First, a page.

Album Reviews

Album Review: Someone Still Loves You Boris Yeltsin – Tape Club

on October 20, 2011, 8:00am
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“Now, let me tell you about Missouri,” sings John Robert Cardwell on Someone Still Loves You Boris Yeltsin’s compilation of demos and rarities, Tape Club. Those distorted lines open the dark, synth-heavy “Yellow Missing Signs”, speaking for both the album and SSLYBY as a whole. Besides writing sweetly catchy songs that always seem to hover just below the radar, the band endears with its small-town intimacy. Whether or not it’s because SSLYBY remains in and continues to write about their hometown of Springfield, MO, this 26-song backlog makes the listener feel like they’re right there in the Missouri basement, or maybe in Portland, looking over producer Chris Walla’s shoulder.

Mostly, it’s because SSLYBY reveals vulnerability by letting the listener hear the evolution from aping its influences to coalescing into the band we know and love. You hear early Beatles in the violins, slow chord progressions, and Cardwell’s lone quaver building to minor harmonies on opener “The Clod and the Pebble”. “Song W + Song L”, “Sweet Owl”, and “Spinning Sea” could have been on Elliott Smith, and none would have been the wiser. “Dead Right (Wilmington demo)” sounds even more like Wilco than the finalized version on Pershing, thanks to the unfiltered rawness of the band members’ voices and the guitars’ country twang. Walla-produced “Bended”, which even sounds like it was recorded in the Pacific Northwest, floats on Zach Rogue’s hazy delicacy.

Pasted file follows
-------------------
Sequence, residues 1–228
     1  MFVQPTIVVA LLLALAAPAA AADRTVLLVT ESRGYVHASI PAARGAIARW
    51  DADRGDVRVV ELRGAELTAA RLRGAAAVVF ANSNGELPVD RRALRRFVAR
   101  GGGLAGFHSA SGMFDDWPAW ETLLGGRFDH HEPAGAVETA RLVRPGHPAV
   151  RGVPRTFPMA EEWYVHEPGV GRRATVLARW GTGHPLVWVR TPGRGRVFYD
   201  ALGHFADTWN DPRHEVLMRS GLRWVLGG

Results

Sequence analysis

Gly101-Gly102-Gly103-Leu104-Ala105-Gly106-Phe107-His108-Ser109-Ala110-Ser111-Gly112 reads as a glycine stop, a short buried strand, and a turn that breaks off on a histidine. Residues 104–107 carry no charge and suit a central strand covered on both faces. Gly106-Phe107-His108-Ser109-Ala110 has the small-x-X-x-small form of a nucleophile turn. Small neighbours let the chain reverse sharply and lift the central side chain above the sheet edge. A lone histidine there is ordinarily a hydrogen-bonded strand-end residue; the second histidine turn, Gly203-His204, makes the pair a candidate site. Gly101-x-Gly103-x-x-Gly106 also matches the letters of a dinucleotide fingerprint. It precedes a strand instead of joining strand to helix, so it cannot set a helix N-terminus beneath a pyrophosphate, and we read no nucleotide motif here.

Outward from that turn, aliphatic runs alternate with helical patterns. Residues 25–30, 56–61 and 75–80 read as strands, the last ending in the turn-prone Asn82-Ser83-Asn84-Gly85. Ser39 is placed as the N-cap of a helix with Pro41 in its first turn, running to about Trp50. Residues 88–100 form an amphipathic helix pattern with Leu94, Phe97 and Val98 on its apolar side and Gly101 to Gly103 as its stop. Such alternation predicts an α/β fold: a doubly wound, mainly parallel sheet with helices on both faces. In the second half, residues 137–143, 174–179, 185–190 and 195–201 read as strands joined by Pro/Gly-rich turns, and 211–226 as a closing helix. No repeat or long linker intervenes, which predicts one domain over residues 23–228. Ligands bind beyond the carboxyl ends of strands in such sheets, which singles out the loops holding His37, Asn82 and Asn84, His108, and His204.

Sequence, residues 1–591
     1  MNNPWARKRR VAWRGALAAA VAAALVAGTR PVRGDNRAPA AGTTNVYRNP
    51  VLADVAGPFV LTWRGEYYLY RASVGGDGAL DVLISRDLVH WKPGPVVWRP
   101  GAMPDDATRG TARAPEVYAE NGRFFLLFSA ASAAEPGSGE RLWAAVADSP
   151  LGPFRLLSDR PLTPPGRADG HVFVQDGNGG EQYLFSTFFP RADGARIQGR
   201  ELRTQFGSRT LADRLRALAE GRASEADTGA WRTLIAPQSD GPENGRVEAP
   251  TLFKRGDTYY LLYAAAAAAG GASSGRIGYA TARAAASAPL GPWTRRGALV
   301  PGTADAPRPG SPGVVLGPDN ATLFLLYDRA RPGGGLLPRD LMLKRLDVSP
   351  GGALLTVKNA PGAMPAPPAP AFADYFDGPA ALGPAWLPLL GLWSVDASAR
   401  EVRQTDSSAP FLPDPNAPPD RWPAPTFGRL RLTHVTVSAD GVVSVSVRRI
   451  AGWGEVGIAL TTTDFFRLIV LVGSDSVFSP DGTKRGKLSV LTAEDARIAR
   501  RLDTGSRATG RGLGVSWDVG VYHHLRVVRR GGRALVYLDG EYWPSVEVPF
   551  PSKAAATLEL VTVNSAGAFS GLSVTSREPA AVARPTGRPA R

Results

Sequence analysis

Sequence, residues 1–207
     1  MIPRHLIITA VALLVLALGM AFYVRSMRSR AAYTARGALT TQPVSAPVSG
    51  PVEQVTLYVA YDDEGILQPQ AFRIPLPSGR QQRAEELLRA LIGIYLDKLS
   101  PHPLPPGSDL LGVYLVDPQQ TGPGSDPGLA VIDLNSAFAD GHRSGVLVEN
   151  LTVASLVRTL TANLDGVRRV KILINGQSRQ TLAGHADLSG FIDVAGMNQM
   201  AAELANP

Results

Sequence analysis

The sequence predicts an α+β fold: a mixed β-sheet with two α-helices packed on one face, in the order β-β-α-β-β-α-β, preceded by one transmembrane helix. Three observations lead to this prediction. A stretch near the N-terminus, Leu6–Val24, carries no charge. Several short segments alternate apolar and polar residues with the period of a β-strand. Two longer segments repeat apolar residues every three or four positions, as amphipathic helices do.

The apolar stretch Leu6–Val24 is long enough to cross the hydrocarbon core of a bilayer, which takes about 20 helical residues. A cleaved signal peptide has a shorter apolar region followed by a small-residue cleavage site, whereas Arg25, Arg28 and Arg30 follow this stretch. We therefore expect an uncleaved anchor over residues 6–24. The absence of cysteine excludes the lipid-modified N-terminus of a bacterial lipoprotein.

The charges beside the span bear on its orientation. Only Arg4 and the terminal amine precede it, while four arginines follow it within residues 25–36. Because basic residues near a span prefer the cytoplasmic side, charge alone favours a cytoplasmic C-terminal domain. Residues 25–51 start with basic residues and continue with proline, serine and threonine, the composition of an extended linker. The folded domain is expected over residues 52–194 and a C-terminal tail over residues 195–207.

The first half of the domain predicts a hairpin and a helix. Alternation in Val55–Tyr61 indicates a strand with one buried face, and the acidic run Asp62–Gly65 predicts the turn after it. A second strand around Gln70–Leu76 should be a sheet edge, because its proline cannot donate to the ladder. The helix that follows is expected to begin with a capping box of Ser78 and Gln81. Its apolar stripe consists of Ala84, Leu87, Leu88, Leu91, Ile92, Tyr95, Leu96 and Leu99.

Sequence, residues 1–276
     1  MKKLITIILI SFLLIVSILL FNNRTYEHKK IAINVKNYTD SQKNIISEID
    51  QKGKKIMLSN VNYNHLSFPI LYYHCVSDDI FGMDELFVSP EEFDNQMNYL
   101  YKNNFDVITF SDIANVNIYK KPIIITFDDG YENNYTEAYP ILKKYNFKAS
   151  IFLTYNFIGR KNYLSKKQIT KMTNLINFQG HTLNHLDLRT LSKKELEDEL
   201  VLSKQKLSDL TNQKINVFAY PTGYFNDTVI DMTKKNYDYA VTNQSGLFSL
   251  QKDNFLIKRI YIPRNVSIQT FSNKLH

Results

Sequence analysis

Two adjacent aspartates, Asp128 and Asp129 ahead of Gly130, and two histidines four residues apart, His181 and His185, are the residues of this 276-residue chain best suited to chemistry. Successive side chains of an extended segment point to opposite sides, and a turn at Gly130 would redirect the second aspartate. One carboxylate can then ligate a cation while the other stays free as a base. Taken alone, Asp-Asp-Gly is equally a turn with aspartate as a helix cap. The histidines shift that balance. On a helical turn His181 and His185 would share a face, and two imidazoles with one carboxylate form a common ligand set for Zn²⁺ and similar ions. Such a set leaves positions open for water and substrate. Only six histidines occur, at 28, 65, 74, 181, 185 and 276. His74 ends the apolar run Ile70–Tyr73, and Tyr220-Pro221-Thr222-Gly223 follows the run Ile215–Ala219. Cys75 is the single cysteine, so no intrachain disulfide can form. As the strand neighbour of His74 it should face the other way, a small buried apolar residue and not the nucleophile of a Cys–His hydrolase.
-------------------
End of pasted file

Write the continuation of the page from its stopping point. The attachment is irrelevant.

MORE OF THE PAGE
Despite—or perhaps thanks to—their most imitative tracks, SSLYBY’s unique songwriting sensibilities still emerge over the course of Tape Club. The family-friendly “We Can Win Missouri” chugs along to the band’s trademark bleating guitars and slowly effervescing choruses, and the rusty “Bigger Than Yr Yard”’s simplistic lyrics belie innocuous malevolence. (“It’s bigger than your yard/It’s faster than your car/It’s not that far/But you’re not that smart.”) On a documentary about the making of Let It Sway, Cardwell seemed sheepish that SSLYBY had only come out with three albums over the course of a decade. If anything, Tape Club’s winning collection of songs should finally get some well-deserved exposure to prove that SSLYBY has nothing to be embarrassed about.

Essential Tracks: “Yellow Missing Signs”, “Dead Right (Wilmington Demo)”, and “Bended”

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